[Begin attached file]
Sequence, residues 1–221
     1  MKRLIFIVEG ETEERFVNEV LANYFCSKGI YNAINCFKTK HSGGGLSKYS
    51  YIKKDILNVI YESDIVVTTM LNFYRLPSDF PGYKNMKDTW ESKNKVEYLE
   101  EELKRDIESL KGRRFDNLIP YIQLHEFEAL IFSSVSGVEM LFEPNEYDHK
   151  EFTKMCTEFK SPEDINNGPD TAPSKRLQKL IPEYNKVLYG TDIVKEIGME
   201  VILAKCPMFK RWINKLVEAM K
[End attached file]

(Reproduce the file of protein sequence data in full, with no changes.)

Sequence, residues 1–221
     1  MKRLIFIVEG ETEERFVNEV LANYFCSKGI YNAINCFKTK HSGGGLSKYS
    51  YIKKDILNVI YESDIVVTTM LNFYRLPSDF PGYKNMKDTW ESKNKVEYLE
   101  EELKRDIESL KGRRFDNLIP YIQLHEFEAL IFSSVSGVEM LFEPNEYDHK
   151  EFTKMCTEFK SPEDINNGPD TAPSKRLQKL IPEYNKVLYG TDIVKEIGME
   201  VILAKCPMFK RWINKLVEAM K